“A recent walk along Burying Hill Beach yielded an astronomical amount of garbage. The bag on the right was what my wife and I picked up. The garbage on the left was left by a generous donor or donors.

(Photo/Lou Weinberg)

“As I’m sure you can guess, there were plenty of single-use plastic bottles, bottle caps, aluminum cans, balloons, fishing line, food wrappers, etc. On this walk, we even saw a used diaper and the leftovers from somebody’s lunches.

“What one can do: The Burying Hill lifeguards gave us the bag. Perhaps others who are taking a stroll along the beach and beyond could bring their own bags, or get one from the guards. Any effort to bag the garbage may result in one less piece of plastic ingested by wildlife, and a cleaner environment. Nature deserves better.”


Several years ago, the Saugatuck Harbor Yacht Club ordered a historical plaque, commemorating its Westport Historic District Commission Preservation Award of 2018 for the heritage of its building.

Delivery problems delayed the ceremony until this week. Westport Museum of History & Culture house historian Bob Weingarten — who made the presentation to former commodore Paul Rosenblatt — provides the backstory:

The SHYC clubhouse was originally a stable. It was built circa 1887 by Henry C. Eno, as part of his Queen Ann seaside summer estate.

The SHYC was established 1959 by J. Anthony Probst. He remodeled the stable into a clubhouse, with the help of landscape architect Evan Harding. During the 2018 presentation, the HDC noted that underwater marsh land was dredged to create a harbor. It was the first of its kind on the eastern seaboard to feature an underwater bubble system, allowing boats to remain moored year-round.

Former commodore Paul Rosenblatt, the Saugatuck Harbor Yacht Club plaque, and the historic clubhouse.


As I walked out of the Y yesterday, a man approached.

“Is this the YMCA?” he asked.

Duh! I thought. What else would it be?

Then I looked around. There is virtually no signage anywhere.

There’s nothing on Wilton Road, or Merritt Parkway Exit 41 — the only 2 ways to enter the parking lot — that say “Welcome to the Westport Weston Family YMCA!”

The sign above the entrance reads “Bedford Family Center.” Who — including most members — knows that’s the name of the Y building.

High above the entrance — where no one looks, and besides, it’s very hard to make out — is the “Y” logo. But that’s it. It doesn’t even say “YMCA.”

I guess there really is no such thing as a dumb question.

Can you see the “Y” above the “Bedford Family Center” sign? (Photo/Dan Woog)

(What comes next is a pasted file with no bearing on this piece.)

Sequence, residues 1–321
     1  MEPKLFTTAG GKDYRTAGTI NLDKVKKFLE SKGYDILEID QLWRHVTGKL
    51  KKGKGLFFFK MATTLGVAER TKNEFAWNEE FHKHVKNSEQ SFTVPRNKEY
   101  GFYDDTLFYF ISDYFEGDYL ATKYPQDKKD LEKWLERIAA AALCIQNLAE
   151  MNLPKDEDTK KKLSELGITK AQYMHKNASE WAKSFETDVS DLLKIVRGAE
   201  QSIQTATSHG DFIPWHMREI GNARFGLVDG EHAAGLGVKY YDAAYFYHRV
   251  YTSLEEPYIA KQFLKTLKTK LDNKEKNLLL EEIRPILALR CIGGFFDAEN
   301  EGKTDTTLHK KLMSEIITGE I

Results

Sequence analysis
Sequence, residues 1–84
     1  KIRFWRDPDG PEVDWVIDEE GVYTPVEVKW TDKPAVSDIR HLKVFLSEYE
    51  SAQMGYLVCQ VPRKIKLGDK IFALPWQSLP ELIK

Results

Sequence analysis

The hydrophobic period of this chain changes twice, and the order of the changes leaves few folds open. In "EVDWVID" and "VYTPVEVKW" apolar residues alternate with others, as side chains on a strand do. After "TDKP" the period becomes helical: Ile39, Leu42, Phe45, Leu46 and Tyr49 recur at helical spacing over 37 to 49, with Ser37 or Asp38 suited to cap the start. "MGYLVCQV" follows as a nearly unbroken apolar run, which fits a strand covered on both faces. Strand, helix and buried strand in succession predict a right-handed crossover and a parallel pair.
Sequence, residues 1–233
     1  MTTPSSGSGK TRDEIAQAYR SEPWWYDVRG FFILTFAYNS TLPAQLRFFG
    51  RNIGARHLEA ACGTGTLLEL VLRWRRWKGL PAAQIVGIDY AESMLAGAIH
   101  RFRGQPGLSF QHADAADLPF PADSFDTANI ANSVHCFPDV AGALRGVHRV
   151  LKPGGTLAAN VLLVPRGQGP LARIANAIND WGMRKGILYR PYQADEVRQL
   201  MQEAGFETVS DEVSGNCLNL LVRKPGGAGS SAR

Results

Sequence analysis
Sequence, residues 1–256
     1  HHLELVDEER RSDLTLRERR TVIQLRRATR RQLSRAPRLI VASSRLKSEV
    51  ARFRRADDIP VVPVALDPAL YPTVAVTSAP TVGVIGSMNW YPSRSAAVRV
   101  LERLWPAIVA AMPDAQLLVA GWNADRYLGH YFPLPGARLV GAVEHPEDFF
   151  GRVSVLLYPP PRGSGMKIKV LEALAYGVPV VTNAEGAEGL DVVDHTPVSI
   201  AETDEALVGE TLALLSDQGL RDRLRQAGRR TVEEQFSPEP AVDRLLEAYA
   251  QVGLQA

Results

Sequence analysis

No one likes to see a police cruiser in their rear view mirror.

But everyone should support the Westport Police Benevolent Association’s 3rd annual Car Cruise. It’s tomorrow (Saturday, August 21, 4 to 8 p.m., Saugatuck train station parking lot #1).

Cars of all years, makes and models are welcome. It’s a family-friendly event, with music, food trucks and a raffle.

The fee to enter and display a car is $20, with the funds earmarked for causes like the Hole in the Wall Gang Camp, Special Olympics, and Veterans & Families of Fallen Officers.

The first 100 cars receive a gift bag. Trophies will be awarded too.

A previous Westport PBA car rally


In 2017, Jodi Kantor and Megan Twohey broke a story about Westporter Harvey Weinstein in The New York Times. The smoldering #MeToo movement suddenly caught fire.

The 2 journalists will speak at the Westport Library’s inaugural fundraising event, “The Exchange: Conversations About The Issues of Our Time.” The October 5 (10 a.m.) event will be moderated by Westport corporate executive Joan Gillman,

Click here for more information, and tickets.

Jodi Kantor and Megan Twohey.


The other day, “Westport … Naturally” featured a snowy egret enjoying a meal. Today, we show one in flight.

(Photo/Amy Schneider)


To purchase tickets or a table for this special event go to

And finally … speaking of the YMCA (as we were above): Maybe we need these guys as greeters in front.

Visitors Interrupt Compo Wedding Ceremony

One of the joys of Westport is a wedding on the beach.

Many of us have been thrilled, at random moments, to see a couple sharing vows on the shore. We have no idea who they are, but it makes our day.

One of the joys of Lou Weinberg’s wedding on the beach yesterday was an unexpected visitor.

The wedding party, on a Compo Beach jetty.

Lou was married there yesterday. As assistant town attorney (and justice of the peace) Eileen Lavigne Flug performed the ceremony, she noticed the sand moving.

Eileen Lavigne Flug, flanked by the newlyweds.

Turtles were hatching.

Suddenly, 7 little ones — diamondback terrapins, Lou thinks — emerged.

5 of the 7 baby turtles.

“It was perfect,” Lou says, “I’m a nature boy.” (In his spare time, Lou volunteers as chair of the Westport Community Gardens.)

Lou then went one step further. Right after the wedding, he called Dan DeVito at the Parks & Recreation Department. Quickly, Dan called down to the beach. Within moments, an employee strung caution tape around the area.

Lou thought this would make a nice story. He also hopes it warns people that turtles are hatching at Compo.

“This is incredibly rare, valuable and important,” Lou says. “People need to be aware, and stay away.”

A tiny diamondback terrapin.

Lou calls last night’s hatching “a fortuitous start to our married life together.”

It is a great story. I’m honored to pass it along.

But in the interest of journalism, I emailed Lou back. I wanted to include his new wife’s name too.

I haven’t heard back yet.

Hopefully, he’s on his honeymoon.

Or else he’s saving even more wildlife somewhere out there too.

UPDATE: The bride’s name is Marjorie Donalds!

Congratulations, to Lou and Marjorie!